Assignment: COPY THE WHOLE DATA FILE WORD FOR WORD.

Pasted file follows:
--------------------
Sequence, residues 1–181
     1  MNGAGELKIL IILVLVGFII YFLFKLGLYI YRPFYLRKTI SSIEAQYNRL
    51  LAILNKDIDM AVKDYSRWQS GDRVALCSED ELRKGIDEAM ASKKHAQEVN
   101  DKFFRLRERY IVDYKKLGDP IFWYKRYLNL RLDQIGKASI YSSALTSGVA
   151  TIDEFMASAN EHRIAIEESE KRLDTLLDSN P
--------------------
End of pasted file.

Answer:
Sequence, residues 1–181
     1  MNGAGELKIL IILVLVGFII YFLFKLGLYI YRPFYLRKTI SSIEAQYNRL
    51  LAILNKDIDM AVKDYSRWQS GDRVALCSED ELRKGIDEAM ASKKHAQEVN
   101  DKFFRLRERY IVDYKKLGDP IFWYKRYLNL RLDQIGKASI YSSALTSGVA
   151  TIDEFMASAN EHRIAIEESE KRLDTLLDSN P